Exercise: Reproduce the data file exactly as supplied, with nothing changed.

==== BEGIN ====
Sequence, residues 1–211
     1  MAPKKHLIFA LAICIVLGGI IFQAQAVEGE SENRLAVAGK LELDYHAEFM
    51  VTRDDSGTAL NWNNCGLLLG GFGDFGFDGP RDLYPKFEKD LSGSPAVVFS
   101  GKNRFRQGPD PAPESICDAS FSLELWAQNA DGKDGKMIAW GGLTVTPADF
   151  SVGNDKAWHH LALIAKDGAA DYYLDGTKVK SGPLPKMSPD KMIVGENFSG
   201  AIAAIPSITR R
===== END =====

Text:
Sequence, residues 1–211
     1  MAPKKHLIFA LAICIVLGGI IFQAQAVEGE SENRLAVAGK LELDYHAEFM
    51  VTRDDSGTAL NWNNCGLLLG GFGDFGFDGP RDLYPKFEKD LSGSPAVVFS
   101  GKNRFRQGPD PAPESICDAS FSLELWAQNA DGKDGKMIAW GGLTVTPADF
   151  SVGNDKAWHH LALIAKDGAA DYYLDGTKVK SGPLPKMSPD KMIVGENFSG
   201  AIAAIPSITR R